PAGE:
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"old PC" and audio editing don't exactly associate well, in my mind, but it's worth a go.
I started with and still use Slackware, and maintain a website that attempts to explain how to do art on Slack. Feel free to check it out.
Otherwise, SUSE is a pretty darned friendly and long-term support distro. It can pretty much do everything you might expect from an OS.
But as you probably know, there are lots out there; try some out, see which one "feels" best for you. It's all Linux, at the end of the day, so just pick one that installs nicely on your box, and dive in! that's my advice. (Oh, and have fun. Really, if you try to make it a THING, it feels like work. Just relax and have fun with it, your successes and failures alike. It's all part of the learning process!)
Lubuntu is probably good for your computer. it is a lightweight OS of ubuntu. I don't use my old windows xp dinosaur as a main, but Lubuntu ran really fast on it.
Its good if you have under 1gb ram. I don't know too much more about linux, but from what I tried, Lubuntu runs well on old systems.
The "old PC" will not be the main unit, although if I really get interested in Linux that may be subject to change, so it's anyone's guess at this stage. For now I'll do the research that everyone at the site offers me, take notes, and ask plenty of questions.
If you want to use real time or near real time then that Dell needs to be pretty darn good. Video and Audio on Linux is still a resource consuming task. Some linux distro's offer what they claim to be real time but it is simply a near real time but may suit your needs.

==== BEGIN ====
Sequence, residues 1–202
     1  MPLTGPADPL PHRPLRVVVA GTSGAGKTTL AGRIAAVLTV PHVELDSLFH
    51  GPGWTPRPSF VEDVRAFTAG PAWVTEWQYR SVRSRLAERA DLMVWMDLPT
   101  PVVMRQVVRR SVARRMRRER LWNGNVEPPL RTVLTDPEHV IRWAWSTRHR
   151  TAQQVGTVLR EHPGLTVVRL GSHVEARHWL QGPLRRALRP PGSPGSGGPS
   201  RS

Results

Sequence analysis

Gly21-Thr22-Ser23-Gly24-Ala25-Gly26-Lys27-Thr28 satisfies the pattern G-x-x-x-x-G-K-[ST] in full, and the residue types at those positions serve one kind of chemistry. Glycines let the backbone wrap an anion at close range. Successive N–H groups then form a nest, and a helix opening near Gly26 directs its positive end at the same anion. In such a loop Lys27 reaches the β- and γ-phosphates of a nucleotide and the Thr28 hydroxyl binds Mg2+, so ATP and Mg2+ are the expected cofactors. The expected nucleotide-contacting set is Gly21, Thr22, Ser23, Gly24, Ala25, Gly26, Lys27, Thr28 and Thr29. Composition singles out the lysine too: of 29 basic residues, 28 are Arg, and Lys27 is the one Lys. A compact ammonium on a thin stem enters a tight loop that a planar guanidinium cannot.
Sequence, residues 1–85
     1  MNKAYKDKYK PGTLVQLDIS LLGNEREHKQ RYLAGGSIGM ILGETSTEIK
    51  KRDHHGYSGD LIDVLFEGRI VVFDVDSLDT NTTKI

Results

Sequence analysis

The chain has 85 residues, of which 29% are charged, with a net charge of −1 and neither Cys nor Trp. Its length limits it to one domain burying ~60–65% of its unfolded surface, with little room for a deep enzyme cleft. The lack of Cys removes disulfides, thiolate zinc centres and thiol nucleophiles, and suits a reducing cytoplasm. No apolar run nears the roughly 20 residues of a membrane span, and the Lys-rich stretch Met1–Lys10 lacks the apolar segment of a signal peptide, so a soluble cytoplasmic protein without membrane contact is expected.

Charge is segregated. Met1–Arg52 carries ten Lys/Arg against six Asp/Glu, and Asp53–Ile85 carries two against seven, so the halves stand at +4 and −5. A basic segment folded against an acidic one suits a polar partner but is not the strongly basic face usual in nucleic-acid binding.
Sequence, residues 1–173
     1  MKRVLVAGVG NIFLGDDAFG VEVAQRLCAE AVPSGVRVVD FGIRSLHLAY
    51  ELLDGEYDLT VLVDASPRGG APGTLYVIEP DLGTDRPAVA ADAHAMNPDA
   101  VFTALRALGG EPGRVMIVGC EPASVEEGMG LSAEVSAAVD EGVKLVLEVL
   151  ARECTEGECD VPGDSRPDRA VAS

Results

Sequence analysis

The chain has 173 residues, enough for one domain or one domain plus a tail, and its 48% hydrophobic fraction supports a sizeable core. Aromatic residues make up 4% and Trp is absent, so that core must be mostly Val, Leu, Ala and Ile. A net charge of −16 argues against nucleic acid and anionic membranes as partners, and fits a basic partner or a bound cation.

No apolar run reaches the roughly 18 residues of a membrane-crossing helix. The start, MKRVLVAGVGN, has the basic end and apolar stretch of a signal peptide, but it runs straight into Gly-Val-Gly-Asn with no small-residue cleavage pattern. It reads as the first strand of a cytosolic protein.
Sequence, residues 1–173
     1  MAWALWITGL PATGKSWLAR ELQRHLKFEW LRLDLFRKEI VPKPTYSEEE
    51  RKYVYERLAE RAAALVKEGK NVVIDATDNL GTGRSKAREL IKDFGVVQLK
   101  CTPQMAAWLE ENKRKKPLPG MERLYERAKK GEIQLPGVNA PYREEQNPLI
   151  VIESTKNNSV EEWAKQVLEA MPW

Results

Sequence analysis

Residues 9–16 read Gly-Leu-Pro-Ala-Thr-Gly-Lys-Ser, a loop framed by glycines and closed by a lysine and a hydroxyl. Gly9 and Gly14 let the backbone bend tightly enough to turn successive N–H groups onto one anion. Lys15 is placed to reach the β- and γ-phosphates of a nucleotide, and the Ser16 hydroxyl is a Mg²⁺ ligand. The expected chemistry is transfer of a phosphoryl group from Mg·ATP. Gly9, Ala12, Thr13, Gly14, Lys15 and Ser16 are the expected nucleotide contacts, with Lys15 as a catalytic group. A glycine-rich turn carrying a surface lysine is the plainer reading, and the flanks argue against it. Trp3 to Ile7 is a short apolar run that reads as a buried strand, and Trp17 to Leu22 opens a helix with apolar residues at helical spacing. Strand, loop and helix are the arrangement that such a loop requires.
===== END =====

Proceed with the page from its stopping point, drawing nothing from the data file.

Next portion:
From what I've read I need to choose a distro, so I'll be reading on the ones suitable for audio and graphics editing; DAW (digital audio workshop), audio editing and graphics (photo) editing.
Just to demystify the distros a bit, they are simply pre-packaged and pre-configured arrangements of programs. Within certain limits, any one of them can be changed to be like any of the others by adding or removing programs. One of the main points of GNU/Linux is that you can customize it to suit your needs. It's kind of expected. Since you mention audio, I'd focus on those applications and work from there. At the low end you have Audacity and at the high end you have Ardour. Both are available for pretty much every distro.
I'm not that into audio any more but one thing that might be an advanced usage option, on new hardware, would be getting a kernel modified for low latency. Re-configuring and compiling a new kernel is probably unnecessary as there may be low latency kernels already made for some distros. Ubuntu has that option available, so if you use Ubuntu, Xubuntu, Kubuntu, Lubuntu, or Ubuntu Studio, you can swap out the generic kernel and use another one. it might be similar for Linux Mint and the others. Again, that's advanced usage.